Similar to Frank, Adobe is something of a late bloomer with its signature photoshop photo editing suites first created in 1988. But this software company has not stood still. Under the leadership of CEO Narayen, Adobe has made critical changes ultimately converting to a subscription model in 2013, a feat never previously attempted for a company the size of Adobe. Over time, the company has added new products and features to its product suite both organically, and through acquisition, to now have the world’s most comprehensive portfolio of tools used in print, digital, and video content creation.

Second five – Ma’a Nonu



This blockbuster midfielder is one of the best line breakers I have seen. Since his All Blacks debut, Ma’a Nonu has focused on continually improving his game. Of note, Nonu improved his distribution skills and over time, developed a pretty handy kicking game. My most memorable rugby moment of Nonu’s, was his try in the 2015 World Cup final, where he showed a very impressive turn of pace to score the crucial try.

US life sciences & diagnostics giant Danaher has evolved its business model overtime through making acquisitions in attractive end markets with strong growth prospects. It has built a very impressive portfolio of investments that sell into some of the highest-growth niches in healthcare and water testing/ treatment. Their Danaher Business System (“DBS”) is a set of constantly updated best practices that functions as a playbook for all employees. At its core, DBS comes from lean manufacturing and helps the company to drive continuous improvement, boosting efficiencies and improving profit margins.  The DBS engine drives the company through a never-ending cycle of change and improvement, similar to Nonu’s development as a player.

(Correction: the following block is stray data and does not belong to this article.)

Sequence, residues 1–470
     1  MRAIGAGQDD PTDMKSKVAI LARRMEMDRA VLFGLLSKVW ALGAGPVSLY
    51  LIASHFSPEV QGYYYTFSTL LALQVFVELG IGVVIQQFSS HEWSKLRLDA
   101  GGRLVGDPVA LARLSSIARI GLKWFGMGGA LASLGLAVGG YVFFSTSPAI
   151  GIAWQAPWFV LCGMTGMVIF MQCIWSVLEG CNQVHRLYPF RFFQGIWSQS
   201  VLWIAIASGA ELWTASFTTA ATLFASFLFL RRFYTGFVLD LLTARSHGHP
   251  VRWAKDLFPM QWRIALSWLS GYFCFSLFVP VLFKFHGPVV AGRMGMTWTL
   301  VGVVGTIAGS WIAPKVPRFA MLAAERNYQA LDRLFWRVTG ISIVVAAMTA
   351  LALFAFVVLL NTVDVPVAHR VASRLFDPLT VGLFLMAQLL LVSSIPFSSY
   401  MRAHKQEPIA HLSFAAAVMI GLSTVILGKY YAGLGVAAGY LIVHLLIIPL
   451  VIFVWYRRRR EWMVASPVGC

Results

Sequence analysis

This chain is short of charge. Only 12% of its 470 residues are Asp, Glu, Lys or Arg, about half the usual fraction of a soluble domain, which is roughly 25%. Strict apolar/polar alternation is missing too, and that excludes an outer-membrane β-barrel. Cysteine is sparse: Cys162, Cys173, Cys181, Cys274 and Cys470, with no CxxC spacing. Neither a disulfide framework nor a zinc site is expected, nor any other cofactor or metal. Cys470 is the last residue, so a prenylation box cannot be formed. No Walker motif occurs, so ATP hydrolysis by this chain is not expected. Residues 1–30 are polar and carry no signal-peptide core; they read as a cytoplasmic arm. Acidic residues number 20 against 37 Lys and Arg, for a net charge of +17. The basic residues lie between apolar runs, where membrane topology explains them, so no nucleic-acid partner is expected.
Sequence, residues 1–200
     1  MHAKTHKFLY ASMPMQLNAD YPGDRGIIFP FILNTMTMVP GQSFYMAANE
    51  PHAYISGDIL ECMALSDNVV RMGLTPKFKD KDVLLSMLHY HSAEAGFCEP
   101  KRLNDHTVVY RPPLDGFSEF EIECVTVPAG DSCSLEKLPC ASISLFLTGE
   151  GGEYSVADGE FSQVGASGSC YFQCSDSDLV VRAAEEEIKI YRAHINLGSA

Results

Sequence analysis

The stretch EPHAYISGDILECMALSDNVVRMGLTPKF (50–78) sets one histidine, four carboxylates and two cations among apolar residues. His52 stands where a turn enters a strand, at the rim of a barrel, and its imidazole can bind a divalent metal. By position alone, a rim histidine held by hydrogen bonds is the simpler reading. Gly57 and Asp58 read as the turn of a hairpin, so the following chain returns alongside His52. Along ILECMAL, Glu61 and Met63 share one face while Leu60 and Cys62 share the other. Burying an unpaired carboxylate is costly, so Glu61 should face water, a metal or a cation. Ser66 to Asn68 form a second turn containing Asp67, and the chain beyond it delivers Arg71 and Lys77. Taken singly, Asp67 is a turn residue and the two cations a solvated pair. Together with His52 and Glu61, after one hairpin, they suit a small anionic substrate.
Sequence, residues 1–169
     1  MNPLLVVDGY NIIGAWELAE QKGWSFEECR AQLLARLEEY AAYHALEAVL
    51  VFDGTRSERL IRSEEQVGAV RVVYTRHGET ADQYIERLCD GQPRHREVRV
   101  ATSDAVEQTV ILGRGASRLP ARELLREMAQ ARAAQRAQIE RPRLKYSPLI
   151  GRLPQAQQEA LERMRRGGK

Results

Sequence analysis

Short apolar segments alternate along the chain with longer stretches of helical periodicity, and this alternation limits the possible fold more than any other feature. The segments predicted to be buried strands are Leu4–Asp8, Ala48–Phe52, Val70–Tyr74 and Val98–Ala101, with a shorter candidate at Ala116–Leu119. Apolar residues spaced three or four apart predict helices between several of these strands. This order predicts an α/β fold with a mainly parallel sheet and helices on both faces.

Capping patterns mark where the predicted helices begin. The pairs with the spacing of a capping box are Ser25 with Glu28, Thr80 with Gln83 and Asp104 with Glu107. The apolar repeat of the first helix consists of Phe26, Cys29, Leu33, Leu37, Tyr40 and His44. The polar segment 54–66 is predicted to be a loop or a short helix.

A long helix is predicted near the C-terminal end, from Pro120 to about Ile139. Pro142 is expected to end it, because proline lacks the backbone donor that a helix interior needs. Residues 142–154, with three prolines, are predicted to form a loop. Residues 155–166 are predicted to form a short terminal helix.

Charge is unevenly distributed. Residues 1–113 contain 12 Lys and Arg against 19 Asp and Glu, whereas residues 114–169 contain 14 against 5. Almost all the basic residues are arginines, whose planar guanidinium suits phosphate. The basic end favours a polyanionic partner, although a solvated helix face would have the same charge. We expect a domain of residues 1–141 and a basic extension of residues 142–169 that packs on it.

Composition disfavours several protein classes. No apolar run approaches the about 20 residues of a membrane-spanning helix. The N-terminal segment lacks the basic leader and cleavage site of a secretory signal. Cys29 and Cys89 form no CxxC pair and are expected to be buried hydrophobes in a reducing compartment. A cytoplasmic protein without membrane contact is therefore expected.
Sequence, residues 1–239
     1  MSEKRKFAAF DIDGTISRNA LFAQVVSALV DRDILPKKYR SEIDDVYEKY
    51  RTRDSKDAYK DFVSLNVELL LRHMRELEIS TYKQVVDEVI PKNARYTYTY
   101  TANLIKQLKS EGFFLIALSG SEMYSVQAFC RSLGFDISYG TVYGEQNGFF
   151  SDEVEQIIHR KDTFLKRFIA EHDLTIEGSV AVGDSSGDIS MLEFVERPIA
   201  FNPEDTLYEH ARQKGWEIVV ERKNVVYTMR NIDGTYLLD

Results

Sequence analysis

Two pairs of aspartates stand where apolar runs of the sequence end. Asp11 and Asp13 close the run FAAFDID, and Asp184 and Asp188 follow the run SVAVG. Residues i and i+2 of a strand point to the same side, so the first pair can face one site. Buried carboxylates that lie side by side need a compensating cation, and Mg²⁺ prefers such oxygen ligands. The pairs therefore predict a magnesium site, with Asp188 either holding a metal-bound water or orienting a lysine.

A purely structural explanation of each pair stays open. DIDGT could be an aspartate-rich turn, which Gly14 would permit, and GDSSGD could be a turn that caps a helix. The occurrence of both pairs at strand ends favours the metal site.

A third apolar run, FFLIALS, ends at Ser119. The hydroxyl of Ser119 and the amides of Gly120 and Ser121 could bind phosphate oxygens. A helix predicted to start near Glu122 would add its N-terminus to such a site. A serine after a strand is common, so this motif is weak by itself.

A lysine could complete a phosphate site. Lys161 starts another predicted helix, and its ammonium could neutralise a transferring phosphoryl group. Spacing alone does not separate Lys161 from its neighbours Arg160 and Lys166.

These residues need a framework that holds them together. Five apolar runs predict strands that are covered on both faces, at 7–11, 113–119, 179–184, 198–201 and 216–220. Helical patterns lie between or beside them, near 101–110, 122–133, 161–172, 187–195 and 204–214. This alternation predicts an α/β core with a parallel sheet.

First five – Dan Carter



There is only one Dan Carter, what a player, a true superstar. Dan could perform at a high level under tremendous pressure, and he was a match winner. The best individual performance I have ever seen in a rugby game was Dan’s performance in the Lions test in 2005. I would endorse rugby experts that rated Dan’s performance as a 10 out of 10.

Shopify is on a roll right now, like Dan was at his prime. This is one of the fastest growing companies in the world, democratising e-commerce by allowing small retailers to be able to compete with large companies online. Small retailers are able to sell their products across multiple sales channels (omnichannel) including online, mobile, marketplaces, social media, and brick & mortar. Shopify’s platform becomes the backbone of small businesses; it’s easy to use, has a variety of built-in features, and continues to add new products that facilitate e-commerce such as payments, fulfilment, and shipping. In New Zealand there are over 15,000 online stores powered by Shopify. Move over Amazon, as Shopify is on the prowl!

Half back – Aaron Smith



Another tough call but how can you go past Aaron. Special mention to fellow Southlander Justin Marshall, a phenomenal player in his own right. Aaron has a comprehensive game with a bullet-like pass, and amazing vision with what seems like eyes in the back of his head. He orchestrates the backs and forwards and is the heartbeat of the All Blacks. On top of that, he has a great kicking game and can make darting runs to surprise the opposition. You could argue he is the bionic man. On a personal note, it was great to be present for his 100th test.

Intuitive Surgical is the leading manufacturer globally of robotic assisted surgery systems, with the ‘Da Vinci’ robot. They have a first mover advantage with a two-decade lead over competitors; there are now over 6,000 Da Vinci robots operating globally, including in New Zealand. Da Vinci is a “safe pair of hands”, giving surgeons bionic-like powers that enable them to see things they can’t see with the naked eye. Patients have less pain, less blood loss, and a quicker recovery. Some argue the Da Vinci system has changed surgery the same way as the iPhone has transformed mobile use.

So, there you have it. The glamour boys to complete my Investment First XV. When combined into a team, these companies complement each other and will improve the odds of Milford’s portfolio being ahead of the market once the final whistle blows.

One team, one dream.

Game on ladies and gentlemen.